Queen might be the most unlikely group in music history.
Its sound veered from opera to gospel, rockabilly to flat out rock. Queen’s signature hit, “Bohemian Rhapsody,” defies description.
Try it. Good luck.
The band members didn’t follow any preconceived path to super stardom. Nor has any act come close to following in its footsteps.
Only you wouldn’t know it from watching “Bohemian Rhapsody.”
The Freddie Mercury story follows the musical biopic template to the letter:
- The quirky “how they met” moments
- The rise to the top
- The intra-band dustups
- The music industry types that just don’t “get it”
It’s all here, which makes the film’s first half so dispiriting. This isn’t any ordinary band. How many lead singers boast a four-octave range? Yet for a good hour “Bohemian Rhapsody” shows how a can’t miss biopic can do just that.
Director Bryan Singer opens with Queen’s triumphant Live Aid appearance, complete with a fetish-like eye for Queen lore. From there we travel back to meet a young, hungry Farrokh Bulsara (Rami Malek). The lad didn’t see eye to eye with his parents (shocking!) but knew his voice could transport him beyond his humble roots.
This Freddie is awkward but cocksure, a partially made soul with glorious pipes and a sense of purpose. He meets his future band mates, wows some record executives and suddenly he’s mentioned in the same breath as Daltrey, Bowie and Plant.
The singer’s personal life gives “Bohemian Rhapsody” its texture and teeth.
There’s something tragic about Freddie embracing his sexual identity. His relationship with Mary Austin (Lucy Boynton) can’t survive, obviously. Freddie leaves her to sample the hedonistic perks of your average rock god.
His sexual awakening is neither woke nor insincere.
He still doesn’t seem happy, at least not like he does when he’s on stage rocking one flamboyant outfit after another.
FAST FACT: Sacha Baron Cohen was attached to the Freddie Mercury project for a spell but craved an edgier take on the singer’s life. The surviving Queen members balked, demanding a more conventional feature. They won.
A shock cameo by Mike Myers (more, please) brightens the band’s rise, but like a few other moments arrives with a distracting meta veneer. There oughta be a law against a sequence where a musician teases a few notes from an iconic song as if it just struck him or her … even if it happened precisely that way.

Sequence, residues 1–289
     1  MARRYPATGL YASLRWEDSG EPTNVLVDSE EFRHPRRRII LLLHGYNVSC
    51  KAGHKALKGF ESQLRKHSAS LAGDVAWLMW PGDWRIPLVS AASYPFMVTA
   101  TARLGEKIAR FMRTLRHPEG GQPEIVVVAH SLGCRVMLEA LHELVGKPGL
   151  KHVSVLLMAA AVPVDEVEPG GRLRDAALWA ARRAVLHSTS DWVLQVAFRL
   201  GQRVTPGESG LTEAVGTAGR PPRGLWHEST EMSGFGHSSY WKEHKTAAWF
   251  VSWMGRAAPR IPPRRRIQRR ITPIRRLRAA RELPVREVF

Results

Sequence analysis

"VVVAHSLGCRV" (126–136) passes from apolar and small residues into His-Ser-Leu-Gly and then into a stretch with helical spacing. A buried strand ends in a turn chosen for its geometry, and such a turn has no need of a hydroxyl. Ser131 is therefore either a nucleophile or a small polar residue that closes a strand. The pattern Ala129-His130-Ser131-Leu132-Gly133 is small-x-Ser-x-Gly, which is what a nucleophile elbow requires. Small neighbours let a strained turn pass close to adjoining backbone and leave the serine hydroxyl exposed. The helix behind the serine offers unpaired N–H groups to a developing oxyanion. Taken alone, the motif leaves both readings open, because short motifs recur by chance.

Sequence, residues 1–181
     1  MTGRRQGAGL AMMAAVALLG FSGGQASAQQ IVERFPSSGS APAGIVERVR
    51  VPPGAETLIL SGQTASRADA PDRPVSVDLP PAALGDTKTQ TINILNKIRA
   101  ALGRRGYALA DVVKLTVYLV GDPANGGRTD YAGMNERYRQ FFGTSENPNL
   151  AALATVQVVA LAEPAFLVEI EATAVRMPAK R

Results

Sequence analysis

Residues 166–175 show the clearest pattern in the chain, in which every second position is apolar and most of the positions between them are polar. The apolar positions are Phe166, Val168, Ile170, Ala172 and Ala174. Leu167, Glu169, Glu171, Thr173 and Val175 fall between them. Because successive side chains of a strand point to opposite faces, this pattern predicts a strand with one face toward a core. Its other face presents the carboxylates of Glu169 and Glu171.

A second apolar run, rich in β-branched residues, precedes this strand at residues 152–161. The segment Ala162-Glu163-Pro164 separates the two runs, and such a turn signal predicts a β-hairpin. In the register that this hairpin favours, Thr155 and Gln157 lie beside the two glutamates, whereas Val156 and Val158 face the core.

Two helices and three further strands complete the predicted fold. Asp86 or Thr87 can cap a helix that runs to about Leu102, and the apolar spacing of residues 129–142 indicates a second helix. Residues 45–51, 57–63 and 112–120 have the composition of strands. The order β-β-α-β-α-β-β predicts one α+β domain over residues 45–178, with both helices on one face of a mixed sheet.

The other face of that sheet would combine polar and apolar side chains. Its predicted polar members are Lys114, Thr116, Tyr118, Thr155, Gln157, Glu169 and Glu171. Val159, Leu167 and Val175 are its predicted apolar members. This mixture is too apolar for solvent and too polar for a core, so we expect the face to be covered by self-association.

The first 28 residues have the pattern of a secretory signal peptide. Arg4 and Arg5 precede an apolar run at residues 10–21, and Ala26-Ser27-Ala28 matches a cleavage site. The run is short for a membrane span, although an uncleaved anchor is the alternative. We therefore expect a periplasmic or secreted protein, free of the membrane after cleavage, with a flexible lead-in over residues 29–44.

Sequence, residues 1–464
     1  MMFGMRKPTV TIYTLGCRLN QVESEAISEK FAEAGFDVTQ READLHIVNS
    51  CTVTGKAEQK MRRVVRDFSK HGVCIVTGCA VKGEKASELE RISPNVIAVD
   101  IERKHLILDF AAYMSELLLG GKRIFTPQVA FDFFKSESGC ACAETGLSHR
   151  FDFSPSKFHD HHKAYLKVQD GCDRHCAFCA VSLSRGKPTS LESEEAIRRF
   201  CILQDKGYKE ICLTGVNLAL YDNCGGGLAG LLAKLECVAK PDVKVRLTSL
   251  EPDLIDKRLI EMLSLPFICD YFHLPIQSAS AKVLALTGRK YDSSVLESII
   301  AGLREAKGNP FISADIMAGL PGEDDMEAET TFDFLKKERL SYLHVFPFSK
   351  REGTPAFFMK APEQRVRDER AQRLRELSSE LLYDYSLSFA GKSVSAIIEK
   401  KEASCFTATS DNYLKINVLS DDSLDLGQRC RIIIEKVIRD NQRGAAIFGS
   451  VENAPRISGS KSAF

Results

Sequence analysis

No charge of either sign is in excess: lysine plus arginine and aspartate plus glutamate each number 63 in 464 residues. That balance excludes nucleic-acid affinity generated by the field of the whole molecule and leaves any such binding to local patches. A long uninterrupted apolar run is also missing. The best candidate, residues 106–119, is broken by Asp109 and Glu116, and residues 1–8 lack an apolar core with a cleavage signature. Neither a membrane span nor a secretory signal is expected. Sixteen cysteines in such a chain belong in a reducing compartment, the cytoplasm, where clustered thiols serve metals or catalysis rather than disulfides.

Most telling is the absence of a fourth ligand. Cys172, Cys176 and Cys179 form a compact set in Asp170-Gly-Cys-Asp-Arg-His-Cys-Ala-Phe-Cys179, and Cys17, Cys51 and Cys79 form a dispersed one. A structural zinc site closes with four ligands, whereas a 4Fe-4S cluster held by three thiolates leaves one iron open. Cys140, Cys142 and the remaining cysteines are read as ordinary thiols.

Malek’s Mercury-sized choppers are distractingly large at first. Yes, the real Freddie Mercury’s teeth weren’t modest, but there’s something false about Malek’s dental makeover.
The “Mr. Robot” star is just warming up.
He’s not here to do another Freddie Mercury impression. He channels the singer’s sticky charisma, something that made his concert appearances darn near mystical. The movie’s third act features plenty of Freddie in his element. It’s hard not to crave more concert footage along the way.
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Even the creation of the classic “Bohemian Rhapsody” track is a cautious highlight. Far better is a press conference later in the film. Singer magnifies the surreal nature of reporters attempting to decode Freddie’s sexual DNA, while the cameras swim in murky excess.
Meanwhile, the band members beg for questions about the music.
The more things change…
So why does the movie rebound so dramatically? We come to know Freddie beyond the theatrical tics. He’s a rock star of the first order, but it never corrodes his humanity. Malek deserves all the credit here. He nails the poses and attitude, but he never lets us forget there’s a lost soul underneath.
The finale is worth every penny of your ticket price. It’s rousing in every way a biopic finale should be. You might just shed a tear between songs.
The movie’s creative license with the true Queen saga is … troubling. Accepted on face value, “Bohemian Rhapsody” reminds us why Queen ruled the charts and classic rock radio for the forseeable future.
HiT or Miss: Freddie Mercury fans will cherish this biopic, warts and all. It’s still a missed opportunity despite a bravura turn by Rami Malek.